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Data Management Guide: Make a plan

 

  LIBRARY SUPPORT FOR RESEARCHERS

     DATA MANAGEMENT GUIDE: Make a plan

Data Management mainpage                                                                

Data Management Plan (DMP) is document that describes:  What data you expect to acquire or generate during a research project; How the data will be collected, documented, analyzed, stored, preserved and shared during the project; Who will be responsible for managing the data throughout the project; and When data management activities occur throughout the project.

DMP Exemplar for Mixed-Methods Studies (NEW July 2020)


Reasons for Managing and Sharing Your Data

  • Increase your research impact - making your data available to other researchers can impact the discovery and relevance of your research
  • Save time and money - planning ahead for your data management needs means accounting and anticipating what you need to avoid costly mistakes later on
  • Preserve your data - depositing your data in a repository safeguards your investment of time and resources while preserving your research contribution for you and others to use
  • Maintain data integrity - managing and documenting choices/decisions about your data throughout its lifecycle will allow you and others to understand and use your data in the future
  • Meet grant funder requirements - many funding agencies now require that researchers deposit data collected as part of a research project
  • Support Open Scholarship - utilizing creative commons licensing and deposit, you demonstrate your support for scholarly reuse

 


Write a Data Management Plan

For best practice and step-by-step guidance in creating a Data Management Plan, use:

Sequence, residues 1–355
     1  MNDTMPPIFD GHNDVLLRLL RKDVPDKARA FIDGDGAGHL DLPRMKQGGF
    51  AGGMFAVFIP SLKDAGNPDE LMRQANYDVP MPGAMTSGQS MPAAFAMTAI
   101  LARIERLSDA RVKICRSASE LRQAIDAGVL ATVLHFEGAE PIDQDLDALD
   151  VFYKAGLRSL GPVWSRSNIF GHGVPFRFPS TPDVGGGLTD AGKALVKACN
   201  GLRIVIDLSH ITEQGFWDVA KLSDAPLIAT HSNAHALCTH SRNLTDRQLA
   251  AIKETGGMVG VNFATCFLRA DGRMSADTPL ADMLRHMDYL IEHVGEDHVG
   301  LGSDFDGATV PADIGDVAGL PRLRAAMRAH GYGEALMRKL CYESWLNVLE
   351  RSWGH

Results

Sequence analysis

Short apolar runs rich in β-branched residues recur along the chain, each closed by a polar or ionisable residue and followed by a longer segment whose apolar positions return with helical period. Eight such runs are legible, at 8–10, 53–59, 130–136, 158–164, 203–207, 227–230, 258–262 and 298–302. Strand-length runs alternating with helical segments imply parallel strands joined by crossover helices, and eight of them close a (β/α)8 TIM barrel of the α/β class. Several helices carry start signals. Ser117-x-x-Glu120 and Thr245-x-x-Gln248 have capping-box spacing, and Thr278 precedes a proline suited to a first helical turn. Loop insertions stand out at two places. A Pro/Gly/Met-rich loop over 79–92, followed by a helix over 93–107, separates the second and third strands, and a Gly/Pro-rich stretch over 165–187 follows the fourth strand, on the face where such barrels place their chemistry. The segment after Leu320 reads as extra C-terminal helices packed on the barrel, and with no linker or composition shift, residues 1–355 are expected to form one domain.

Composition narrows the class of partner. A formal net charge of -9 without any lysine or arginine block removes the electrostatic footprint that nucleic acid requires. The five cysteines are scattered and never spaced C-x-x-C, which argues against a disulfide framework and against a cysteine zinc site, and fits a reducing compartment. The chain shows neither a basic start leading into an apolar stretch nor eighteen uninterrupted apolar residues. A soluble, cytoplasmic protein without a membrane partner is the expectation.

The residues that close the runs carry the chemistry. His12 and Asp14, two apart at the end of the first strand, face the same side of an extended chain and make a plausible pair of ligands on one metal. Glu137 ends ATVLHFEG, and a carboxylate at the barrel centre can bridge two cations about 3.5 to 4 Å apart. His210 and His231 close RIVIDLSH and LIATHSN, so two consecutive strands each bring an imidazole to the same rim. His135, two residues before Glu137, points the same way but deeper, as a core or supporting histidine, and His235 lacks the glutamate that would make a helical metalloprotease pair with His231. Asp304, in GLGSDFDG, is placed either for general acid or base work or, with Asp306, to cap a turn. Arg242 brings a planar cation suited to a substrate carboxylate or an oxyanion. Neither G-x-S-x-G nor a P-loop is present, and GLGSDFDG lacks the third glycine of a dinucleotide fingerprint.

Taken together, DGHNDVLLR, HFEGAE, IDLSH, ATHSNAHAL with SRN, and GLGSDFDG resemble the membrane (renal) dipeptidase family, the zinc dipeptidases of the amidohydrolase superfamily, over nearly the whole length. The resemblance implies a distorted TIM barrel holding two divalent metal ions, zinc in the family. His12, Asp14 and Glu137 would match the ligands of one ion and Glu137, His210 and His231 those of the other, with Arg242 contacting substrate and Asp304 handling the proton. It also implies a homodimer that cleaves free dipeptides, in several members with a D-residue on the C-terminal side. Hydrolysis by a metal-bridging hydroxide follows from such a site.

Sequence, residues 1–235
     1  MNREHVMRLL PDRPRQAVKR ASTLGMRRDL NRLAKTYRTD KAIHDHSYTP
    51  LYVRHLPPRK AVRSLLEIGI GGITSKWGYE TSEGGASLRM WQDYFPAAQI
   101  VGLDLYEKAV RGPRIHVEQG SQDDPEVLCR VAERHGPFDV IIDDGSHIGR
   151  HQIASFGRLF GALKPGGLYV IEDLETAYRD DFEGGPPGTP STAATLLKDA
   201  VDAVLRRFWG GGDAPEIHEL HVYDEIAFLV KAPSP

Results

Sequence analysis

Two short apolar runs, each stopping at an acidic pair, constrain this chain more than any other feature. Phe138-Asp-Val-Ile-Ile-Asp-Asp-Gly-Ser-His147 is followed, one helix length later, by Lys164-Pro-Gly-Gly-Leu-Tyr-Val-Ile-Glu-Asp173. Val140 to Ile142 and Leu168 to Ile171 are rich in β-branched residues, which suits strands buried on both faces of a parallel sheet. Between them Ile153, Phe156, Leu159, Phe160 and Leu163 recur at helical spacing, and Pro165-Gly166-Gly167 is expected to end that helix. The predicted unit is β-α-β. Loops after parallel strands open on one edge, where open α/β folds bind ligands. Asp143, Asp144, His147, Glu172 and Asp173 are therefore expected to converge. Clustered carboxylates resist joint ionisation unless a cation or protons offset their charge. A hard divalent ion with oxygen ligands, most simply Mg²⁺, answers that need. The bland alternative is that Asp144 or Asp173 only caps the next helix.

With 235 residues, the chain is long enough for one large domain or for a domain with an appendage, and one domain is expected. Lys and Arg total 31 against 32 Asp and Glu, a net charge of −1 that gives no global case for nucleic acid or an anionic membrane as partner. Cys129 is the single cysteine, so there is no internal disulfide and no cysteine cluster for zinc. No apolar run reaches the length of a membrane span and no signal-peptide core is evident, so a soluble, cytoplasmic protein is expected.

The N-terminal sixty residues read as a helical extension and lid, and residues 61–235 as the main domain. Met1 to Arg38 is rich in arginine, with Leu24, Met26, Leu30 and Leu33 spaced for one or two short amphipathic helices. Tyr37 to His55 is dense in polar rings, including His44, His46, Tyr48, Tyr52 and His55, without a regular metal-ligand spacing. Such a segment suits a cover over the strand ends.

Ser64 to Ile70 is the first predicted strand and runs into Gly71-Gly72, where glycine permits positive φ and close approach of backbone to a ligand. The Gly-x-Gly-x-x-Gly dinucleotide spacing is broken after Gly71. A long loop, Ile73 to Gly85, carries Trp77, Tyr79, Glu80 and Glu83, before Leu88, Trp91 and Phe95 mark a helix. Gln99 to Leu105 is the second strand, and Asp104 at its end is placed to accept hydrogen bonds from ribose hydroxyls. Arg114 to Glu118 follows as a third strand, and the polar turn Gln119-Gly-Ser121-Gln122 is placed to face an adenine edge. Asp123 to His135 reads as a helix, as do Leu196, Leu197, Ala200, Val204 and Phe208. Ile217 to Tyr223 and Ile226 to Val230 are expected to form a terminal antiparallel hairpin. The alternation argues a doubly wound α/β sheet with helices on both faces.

• DMP ASSISTANT - to create data management plans for Canadian funders; select University of Manitoba template
  • DMP TOOL - to create data management plans for US funders, such as NIH or NSF

The University of Manitoba DMP template is available at the DMP Assistant with the components listed below. The guidance that accompanies each question in the template directs you to UM specific resources and support. Registration for an account in DMP Assistant is free.

Components of a Data Management Plan

  • Data Collection -
    • Define data types: textual, tabular, graphical, numerical
    • List the file formats that will be used/created: proprietary, open standard. Software or tools required to read and/or view the data
    • Naming conventions for versions, data architecture: documentation in READ ME file, root name
  • Documentation and Metadata -
    • Define the documentation accompanying the data generated
    • Outline best practices to ensure accuracy, consistency of documentation 
    • Define Metadata standard(s) to be used
  • Storage and Backup (during project) - 
    • Define backup process - see best practice for backup
    • Outline total storage requirements (e.g. megabytes, gigabytes, terabytes) and length of retention time
    • Access and location: details of access (protection of sensitive data) and documentation
  • Data Preservation (after project) -
    • Using deposit with a permanent identifier assigned is preservation best practice
    • Elaborate on retention: duration, format, location, access parameters
    • Describe preparation processes: data selection, de-identification, data formats
  • Data Access and Reuse -
    • Stipulate the version of data (raw, processed, analyzed, final)
    • Method of storage and access - resource and access considerations
    • Levels of access: free to read v. ability to reuse
  • Responsibilities and Resources -
    • Describe the various types of access, duration that will be granted, and how it will be documented
    • Outline the costs related to the data management lifecycle, including equipment, software, dissemination (including any journal article processing charges) - see the Data Management Costing Tool for estimating what those costs may be
  • Ethics and Legal Compliance -
    • Sensitive data: describe your management processes to ensure security and restrict access 
    • Strategies for reuse: your data selection criteria, documentation; method(s) to enable access e.g. deposit 
    • Identify any/all ethical, legal and intellectual property considerations that may override access, and/or reuse to the data and what processes you have undertaken to manage them